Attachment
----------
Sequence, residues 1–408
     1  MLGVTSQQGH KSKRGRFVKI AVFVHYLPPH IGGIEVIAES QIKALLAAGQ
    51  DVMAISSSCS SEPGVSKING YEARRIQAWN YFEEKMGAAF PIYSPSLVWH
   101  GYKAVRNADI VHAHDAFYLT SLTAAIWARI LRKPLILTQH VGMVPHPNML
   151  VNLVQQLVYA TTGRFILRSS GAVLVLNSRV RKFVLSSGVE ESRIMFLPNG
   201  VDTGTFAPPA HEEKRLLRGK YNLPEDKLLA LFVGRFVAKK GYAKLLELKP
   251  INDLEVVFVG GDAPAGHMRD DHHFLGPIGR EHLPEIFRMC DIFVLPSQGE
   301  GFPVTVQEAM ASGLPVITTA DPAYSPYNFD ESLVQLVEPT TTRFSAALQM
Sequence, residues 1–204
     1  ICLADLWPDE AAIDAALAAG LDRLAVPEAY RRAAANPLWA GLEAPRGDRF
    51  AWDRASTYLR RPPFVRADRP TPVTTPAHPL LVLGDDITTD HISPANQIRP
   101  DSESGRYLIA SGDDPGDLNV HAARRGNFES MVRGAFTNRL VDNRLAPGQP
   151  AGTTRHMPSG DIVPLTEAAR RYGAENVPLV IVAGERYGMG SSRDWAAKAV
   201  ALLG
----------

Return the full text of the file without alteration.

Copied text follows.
Sequence, residues 1–408
     1  MLGVTSQQGH KSKRGRFVKI AVFVHYLPPH IGGIEVIAES QIKALLAAGQ
    51  DVMAISSSCS SEPGVSKING YEARRIQAWN YFEEKMGAAF PIYSPSLVWH
   101  GYKAVRNADI VHAHDAFYLT SLTAAIWARI LRKPLILTQH VGMVPHPNML
   151  VNLVQQLVYA TTGRFILRSS GAVLVLNSRV RKFVLSSGVE ESRIMFLPNG
   201  VDTGTFAPPA HEEKRLLRGK YNLPEDKLLA LFVGRFVAKK GYAKLLELKP
   251  INDLEVVFVG GDAPAGHMRD DHHFLGPIGR EHLPEIFRMC DIFVLPSQGE
   301  GFPVTVQEAM ASGLPVITTA DPAYSPYNFD ESLVQLVEPT TTRFSAALQM
Sequence, residues 1–204
     1  ICLADLWPDE AAIDAALAAG LDRLAVPEAY RRAAANPLWA GLEAPRGDRF
    51  AWDRASTYLR RPPFVRADRP TPVTTPAHPL LVLGDDITTD HISPANQIRP
   101  DSESGRYLIA SGDDPGDLNV HAARRGNFES MVRGAFTNRL VDNRLAPGQP
   151  AGTTRHMPSG DIVPLTEAAR RYGAENVPLV IVAGERYGMG SSRDWAAKAV
   201  ALLG